Friday, December 19, 2003


The life of the mind is all mixed up with the life of the body, of course. And there's nothing more intellectually stimulating than watching smart, scantily clad young men roll around on the floor together.

I'm talking, naturally, about University of Chicago wrestling.

My favorite Chicago wrestler of the moment is Nick Kehagias. Have I ever actually seen him wrestle? Well, no. But what a brain.

Wednesday, December 17, 2003

Wall of sound

Dear Santa,

It won't be Christmas until I hear the Ronettes sing "Frosty the Snowman."

Waiting patiently,

P.S. Don't make me use KaZaA.

Tuesday, December 16, 2003

Blurbin' cowboy

Since earlier this year, a small but always enjoyable part of my still-new freelancing lifestyle is writing two-sentence movie blurbs in Madison's Isthmus newspaper. (FYI, my first full-length review for the paper, of the documentary The Party's Over, ran last week and is up on the Isthmus web site.)

I'm still not sure what algorithm determines which movies I get assigned, but much of what I have seen for blurbing purposes is Z-grade American films, really terrible stuff like House of the Dead, The Order, and Boat Trip. (I would link to my blurbs, but Isthmus doesn't seem to post them.) That last one may be the worst movie I've ever seen--not only inept but also grotesquely offensive.

However, I've also blurbed films of surpassingly high quality, like The Magdalene Sisters and The Good Thief. And I've caught a few films that I assumed beforehand would be pleasant enough, and were--many of the kids' films I've seen fall into this category, like Piglet's Big Movie and The Lizzie Maguire Movie. I've seen quite a few foreign movies, like The Navigators, Unknown Pleasures, and Once Upon a Time in the Midlands, and even middling foreign fare like those three always has a frisson associated with its foreignness.

Happily, a couple of times now I have been caught completely off guard and found myself captivated by a movie I almost certainly would never have sought out. One was The Rundown, the action comedy starring the Rock, Seann William Scott and Christopher Walken, which kept surprising me by how smart and funny it is.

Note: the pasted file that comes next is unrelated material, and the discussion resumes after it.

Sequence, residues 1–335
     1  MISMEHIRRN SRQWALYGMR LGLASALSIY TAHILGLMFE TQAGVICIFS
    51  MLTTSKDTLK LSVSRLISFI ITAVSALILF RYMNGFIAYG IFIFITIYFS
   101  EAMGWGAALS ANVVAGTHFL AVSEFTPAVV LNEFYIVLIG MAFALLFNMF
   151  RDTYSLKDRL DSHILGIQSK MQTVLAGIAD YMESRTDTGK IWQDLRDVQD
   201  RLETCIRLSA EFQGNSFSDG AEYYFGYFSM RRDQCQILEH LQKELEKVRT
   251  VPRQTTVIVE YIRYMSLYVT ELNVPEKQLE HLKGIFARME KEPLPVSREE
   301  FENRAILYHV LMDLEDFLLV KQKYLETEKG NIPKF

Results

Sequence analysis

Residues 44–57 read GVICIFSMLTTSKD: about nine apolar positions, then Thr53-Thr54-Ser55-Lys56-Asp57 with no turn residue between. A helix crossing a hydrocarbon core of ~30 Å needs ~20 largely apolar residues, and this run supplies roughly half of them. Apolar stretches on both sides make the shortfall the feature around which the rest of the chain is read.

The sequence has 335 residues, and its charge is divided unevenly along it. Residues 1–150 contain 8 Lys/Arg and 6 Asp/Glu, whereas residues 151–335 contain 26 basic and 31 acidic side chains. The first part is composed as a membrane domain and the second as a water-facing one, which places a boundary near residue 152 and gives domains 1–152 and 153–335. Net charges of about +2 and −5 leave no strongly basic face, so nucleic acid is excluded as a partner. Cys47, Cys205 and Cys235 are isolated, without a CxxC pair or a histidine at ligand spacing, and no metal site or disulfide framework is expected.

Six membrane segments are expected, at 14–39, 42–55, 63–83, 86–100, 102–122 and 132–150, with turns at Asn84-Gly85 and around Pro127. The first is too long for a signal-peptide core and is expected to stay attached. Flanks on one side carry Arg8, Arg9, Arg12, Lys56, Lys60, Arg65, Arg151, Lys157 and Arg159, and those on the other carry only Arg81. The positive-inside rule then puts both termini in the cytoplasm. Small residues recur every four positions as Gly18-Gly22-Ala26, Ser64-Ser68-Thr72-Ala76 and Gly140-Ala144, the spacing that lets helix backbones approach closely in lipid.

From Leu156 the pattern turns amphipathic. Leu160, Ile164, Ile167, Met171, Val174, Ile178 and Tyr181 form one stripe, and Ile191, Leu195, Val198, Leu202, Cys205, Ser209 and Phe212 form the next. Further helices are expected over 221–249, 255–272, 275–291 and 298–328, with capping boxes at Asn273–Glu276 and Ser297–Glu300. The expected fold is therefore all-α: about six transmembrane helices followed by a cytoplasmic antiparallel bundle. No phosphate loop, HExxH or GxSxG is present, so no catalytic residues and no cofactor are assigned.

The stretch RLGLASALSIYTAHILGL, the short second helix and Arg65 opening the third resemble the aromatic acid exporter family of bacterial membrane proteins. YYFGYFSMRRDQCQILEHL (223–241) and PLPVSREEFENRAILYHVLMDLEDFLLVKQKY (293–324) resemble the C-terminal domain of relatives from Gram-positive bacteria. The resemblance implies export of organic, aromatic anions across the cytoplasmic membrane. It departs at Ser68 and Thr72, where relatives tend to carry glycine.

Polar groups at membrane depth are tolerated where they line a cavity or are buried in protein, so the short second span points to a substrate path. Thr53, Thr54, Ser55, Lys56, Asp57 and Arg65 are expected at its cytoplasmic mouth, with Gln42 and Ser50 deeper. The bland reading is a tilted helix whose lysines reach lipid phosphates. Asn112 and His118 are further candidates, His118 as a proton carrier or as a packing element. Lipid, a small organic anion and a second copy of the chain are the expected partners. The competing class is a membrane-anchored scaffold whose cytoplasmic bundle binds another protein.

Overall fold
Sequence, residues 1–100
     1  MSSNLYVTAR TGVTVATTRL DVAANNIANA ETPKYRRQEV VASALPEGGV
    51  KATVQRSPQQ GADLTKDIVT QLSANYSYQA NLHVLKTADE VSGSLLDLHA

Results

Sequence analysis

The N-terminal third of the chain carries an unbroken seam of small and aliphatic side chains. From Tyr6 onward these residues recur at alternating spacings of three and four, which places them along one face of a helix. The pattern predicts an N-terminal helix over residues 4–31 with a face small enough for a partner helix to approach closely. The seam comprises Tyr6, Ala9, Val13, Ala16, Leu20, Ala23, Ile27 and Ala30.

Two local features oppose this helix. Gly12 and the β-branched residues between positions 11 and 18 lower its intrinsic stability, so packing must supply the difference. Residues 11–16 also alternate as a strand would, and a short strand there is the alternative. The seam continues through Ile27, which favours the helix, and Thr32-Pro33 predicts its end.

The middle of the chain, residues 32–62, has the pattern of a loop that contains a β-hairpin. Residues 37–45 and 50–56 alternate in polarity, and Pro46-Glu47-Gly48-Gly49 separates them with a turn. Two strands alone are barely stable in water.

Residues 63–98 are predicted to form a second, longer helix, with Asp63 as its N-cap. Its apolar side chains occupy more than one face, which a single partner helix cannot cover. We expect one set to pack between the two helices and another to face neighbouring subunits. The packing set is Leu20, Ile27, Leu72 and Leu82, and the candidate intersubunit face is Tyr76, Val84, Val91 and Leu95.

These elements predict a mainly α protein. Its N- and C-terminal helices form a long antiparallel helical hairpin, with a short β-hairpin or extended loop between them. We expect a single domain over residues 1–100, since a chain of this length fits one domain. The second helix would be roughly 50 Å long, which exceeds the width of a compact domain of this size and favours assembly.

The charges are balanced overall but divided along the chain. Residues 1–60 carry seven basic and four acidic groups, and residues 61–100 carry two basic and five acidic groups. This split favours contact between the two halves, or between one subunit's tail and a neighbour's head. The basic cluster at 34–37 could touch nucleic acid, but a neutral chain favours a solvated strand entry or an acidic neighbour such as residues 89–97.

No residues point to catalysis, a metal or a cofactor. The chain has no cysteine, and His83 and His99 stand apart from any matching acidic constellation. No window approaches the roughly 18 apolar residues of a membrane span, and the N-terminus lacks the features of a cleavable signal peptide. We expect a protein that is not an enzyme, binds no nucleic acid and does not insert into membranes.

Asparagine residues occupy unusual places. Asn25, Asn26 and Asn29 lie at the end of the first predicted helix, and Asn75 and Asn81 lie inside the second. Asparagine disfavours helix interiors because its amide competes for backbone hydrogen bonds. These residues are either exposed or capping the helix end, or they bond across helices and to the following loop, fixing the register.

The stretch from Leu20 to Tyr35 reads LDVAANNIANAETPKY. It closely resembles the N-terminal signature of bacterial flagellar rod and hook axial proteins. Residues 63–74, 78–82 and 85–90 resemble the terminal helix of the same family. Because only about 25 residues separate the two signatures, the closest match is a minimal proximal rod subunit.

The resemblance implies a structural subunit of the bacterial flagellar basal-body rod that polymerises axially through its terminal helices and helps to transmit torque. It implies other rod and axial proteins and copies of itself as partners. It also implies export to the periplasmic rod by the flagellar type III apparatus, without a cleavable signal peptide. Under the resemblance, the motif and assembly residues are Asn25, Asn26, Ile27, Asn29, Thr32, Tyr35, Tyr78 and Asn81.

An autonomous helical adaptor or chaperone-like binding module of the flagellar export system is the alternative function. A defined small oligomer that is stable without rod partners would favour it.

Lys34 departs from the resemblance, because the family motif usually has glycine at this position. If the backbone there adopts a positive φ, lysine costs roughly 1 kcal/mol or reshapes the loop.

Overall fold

And it happened again just now. I'm home from seeing Love Don't Cost a Thing, a remake, with a mostly African-American cast, of the 1980s Patrick Dempsey comedy Can't Buy Me Love. And hurrah! I showed up prepared not to particularly like the film (for this gig that's often the case), but I walked away smiling. It's a romantic comedy about a geeky teenage pool boy (Nick Cannon) who bribes the most popular girl in school (Christina Milian) into pretending to be his girlfriend for two weeks. I found that premise crass for a nanosecond, until I realized it seems like the kind of stunt I might have tried to pull in high school.

The cast is enormously attractive, and director Troy Beyer smartly gives her actors time just to be charming and goofy. TV comedian Steve Harvey, especially, kept me guessing with one eccentric turn after another as Cannon's dad.

It's refreshing to know movies can still surprise me by being good when I least expect it.

Sunday, December 14, 2003

Blue woman grope

I started to blog about this story I saw on "Celebrity Justice" last week: it seems actor Tom Skerritt sued an herbal-supplements company for using his image in an ad for some sort of virility-enhancing concoction. Skerritt and the company, Body Basics, reached an agreement, and the ads will run no more. The short web search I did revealed that this story is, in fact, months old, so just when you thought it couldn't be more irrelevant, it is.

Except that I am obsessed with the ad in question, and I wanted to share it with you. But although "CJ" flashed it again and again, I can't find it on the web anywhere! It shows Skerritt's head clumsily stuck on top of a ripped man's body, and he has his arms around a creature that is female and humanoid in shape, and lithe, but also bald and bright blue. It's an alien, right, except not a horrifying reptile alien like the one that kills Skerritt in the film Alien, but more like the late Persis Khambatta in the first "Star Trek" movie. You know, a hot, bald alien chick. But blue.

The strange coda to the story is that, as "CJ" co-host Holly Herbert reported, Body Basics explained the gaffe by saying the designer of the ad doesn't speak English and didn't know who Skerritt is.

I can't stop thinking about the ad. It's one of the most absurd, hysterical things I've ever seen. Please find it for me.